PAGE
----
THERE is an evident upswing in the sale of construction materials and what appears to be a nascent revival in the whole property and development sector.
More homes and other development projects are being built than in recent years, especially after the bubble at the beginning of this decade that gave way to the mortgage crisis and near collapse of the banking sector.
The question that needs to be asked is whether there is sustainable demand for new houses or is it just the result of the investment-for-passports scheme attracting overseas buyers of homes, expensive high-rises and other such high-value projects.
Some fear that what is happening in the property sector is another bubble in the making with two or three more years before it bursts.
Nearly half of all property contracts deposited at the Land Registry offices in the first half of the year were for properties purchased by non-Cypriots, a number that could dwindle if the government continues to restrict the number of property-for-passport investors to 700 a year.
This means that instead of the property development sector relying on more sustainable markets (student housing, locals buying first homes and holiday homes, buy-to-let investors, etc.).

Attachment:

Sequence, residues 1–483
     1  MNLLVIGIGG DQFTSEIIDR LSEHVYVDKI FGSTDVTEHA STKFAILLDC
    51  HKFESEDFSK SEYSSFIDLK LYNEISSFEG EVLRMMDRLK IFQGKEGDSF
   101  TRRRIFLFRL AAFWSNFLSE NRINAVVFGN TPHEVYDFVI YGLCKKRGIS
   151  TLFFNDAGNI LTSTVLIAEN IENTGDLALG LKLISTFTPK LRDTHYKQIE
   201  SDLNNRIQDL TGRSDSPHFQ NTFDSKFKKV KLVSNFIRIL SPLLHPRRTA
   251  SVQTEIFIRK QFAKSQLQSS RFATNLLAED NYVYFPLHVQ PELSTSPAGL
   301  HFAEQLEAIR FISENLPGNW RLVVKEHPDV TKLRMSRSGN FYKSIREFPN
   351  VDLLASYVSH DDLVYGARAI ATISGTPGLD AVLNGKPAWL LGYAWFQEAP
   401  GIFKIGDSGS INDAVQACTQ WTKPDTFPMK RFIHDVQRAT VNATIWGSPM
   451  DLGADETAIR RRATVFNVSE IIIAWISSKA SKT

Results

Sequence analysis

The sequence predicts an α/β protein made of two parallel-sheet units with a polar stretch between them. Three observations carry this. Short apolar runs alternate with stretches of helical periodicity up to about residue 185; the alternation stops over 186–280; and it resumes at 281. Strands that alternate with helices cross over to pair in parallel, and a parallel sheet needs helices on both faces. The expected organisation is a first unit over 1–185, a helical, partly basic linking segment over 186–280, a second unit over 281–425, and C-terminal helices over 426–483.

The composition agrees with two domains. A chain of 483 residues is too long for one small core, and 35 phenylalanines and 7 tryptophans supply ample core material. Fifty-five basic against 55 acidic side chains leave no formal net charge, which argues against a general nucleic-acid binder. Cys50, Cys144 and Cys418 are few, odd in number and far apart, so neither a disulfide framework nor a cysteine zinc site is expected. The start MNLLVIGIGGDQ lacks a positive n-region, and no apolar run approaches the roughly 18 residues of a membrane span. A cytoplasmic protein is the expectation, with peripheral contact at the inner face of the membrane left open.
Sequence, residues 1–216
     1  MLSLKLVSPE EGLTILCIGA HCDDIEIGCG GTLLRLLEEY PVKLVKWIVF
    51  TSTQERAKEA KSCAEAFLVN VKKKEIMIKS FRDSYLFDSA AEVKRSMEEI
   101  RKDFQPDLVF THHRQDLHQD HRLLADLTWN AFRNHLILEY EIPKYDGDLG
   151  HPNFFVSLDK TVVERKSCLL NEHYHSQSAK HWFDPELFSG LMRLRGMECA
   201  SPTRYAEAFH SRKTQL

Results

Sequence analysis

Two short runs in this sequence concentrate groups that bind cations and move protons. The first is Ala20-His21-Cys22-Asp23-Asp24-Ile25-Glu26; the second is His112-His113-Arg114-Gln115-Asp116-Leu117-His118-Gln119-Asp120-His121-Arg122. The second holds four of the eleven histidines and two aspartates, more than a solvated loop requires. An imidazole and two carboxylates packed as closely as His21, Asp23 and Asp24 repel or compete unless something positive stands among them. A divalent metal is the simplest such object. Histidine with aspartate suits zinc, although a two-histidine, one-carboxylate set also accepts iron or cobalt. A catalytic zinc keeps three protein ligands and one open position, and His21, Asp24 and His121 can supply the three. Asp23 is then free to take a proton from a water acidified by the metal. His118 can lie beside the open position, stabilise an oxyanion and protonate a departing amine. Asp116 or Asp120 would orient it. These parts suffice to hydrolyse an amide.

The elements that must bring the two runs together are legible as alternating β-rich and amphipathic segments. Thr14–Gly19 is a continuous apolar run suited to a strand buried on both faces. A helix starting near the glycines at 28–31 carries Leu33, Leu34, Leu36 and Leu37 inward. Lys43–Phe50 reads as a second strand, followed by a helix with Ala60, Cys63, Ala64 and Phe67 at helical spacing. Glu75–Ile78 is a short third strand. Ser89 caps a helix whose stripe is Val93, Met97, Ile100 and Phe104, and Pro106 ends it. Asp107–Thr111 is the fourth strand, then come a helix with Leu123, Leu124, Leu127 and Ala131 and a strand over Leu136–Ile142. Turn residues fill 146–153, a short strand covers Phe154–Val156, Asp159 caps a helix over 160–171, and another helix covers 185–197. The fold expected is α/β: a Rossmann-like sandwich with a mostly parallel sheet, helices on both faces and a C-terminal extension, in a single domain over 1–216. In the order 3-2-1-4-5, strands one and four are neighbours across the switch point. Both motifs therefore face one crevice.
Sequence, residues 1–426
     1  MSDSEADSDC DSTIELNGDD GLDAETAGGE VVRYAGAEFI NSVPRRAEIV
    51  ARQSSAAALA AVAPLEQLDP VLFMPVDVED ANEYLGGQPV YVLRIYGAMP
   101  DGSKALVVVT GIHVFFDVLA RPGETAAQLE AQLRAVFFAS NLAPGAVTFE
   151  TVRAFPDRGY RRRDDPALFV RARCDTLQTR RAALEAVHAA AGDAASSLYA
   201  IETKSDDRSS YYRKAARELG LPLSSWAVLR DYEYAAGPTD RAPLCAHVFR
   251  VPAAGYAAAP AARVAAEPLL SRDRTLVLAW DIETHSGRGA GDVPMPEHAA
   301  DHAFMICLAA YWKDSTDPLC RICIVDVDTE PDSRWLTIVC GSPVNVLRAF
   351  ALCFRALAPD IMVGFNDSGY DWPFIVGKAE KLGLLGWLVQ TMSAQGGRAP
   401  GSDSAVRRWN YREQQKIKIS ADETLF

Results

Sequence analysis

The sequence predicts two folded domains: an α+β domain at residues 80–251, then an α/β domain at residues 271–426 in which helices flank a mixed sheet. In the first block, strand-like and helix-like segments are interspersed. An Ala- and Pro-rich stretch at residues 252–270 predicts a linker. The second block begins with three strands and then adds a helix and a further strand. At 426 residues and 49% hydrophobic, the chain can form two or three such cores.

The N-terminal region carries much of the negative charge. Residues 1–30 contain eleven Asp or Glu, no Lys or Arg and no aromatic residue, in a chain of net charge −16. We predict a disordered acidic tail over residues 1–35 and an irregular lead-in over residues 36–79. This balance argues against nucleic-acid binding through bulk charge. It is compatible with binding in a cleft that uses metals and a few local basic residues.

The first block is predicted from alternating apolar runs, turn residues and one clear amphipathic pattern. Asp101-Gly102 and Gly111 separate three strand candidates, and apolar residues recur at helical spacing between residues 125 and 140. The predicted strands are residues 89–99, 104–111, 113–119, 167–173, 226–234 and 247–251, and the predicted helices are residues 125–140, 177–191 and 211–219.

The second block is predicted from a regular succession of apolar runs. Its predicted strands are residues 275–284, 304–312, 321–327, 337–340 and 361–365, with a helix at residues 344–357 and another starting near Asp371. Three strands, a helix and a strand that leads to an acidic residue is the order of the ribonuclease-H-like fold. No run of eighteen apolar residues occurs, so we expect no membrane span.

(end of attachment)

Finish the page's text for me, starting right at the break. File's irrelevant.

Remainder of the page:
We are seemingly, again, rushing to desperately find overseas buyers, with the hope that apart from boosting state coffers, these investments will also subsidise efforts to bring down unemployment.
Limassol could soon face the possibility of hosting yet another Costa Del Sol bonanza with open spaces and green areas being sacrificed in the name of high-rise development and quickly-found prosperity.
Then again, apart from the accountants and lawyers, what other sectors of the economy are benefitting from the sale of expensive properties to foreign investors? And how many of these luxury developments are going to be occupied permanently?
With many of these properties expected to remain empty, it will not take long for them to fall into disrepair, projecting an image of a ‘ghost town’ or shabby skyscrapers.
For sure, the establishment of a casino resort will greatly contribute to supporting the property sector, but gaming alone is not a sustainable reason for holidaymakers to become property buyers.
Cyprus needs to look at alternative scenarios and think more seriously about how to maintain steady, even if small, growth in tourism numbers, as long as these will generate the sort of repeat visitors we need.
Otherwise, this will be just another boom-bust cycle in our tourism/property sectors, with economic growth and employment levels held hostage to the whims of greedy developers who are in it for a quick buck and are not obliged to see the bigger picture or the longer-term view.
Therefore, the authorities are urged to consider sustainable construction growth when issuing town planning and building permits.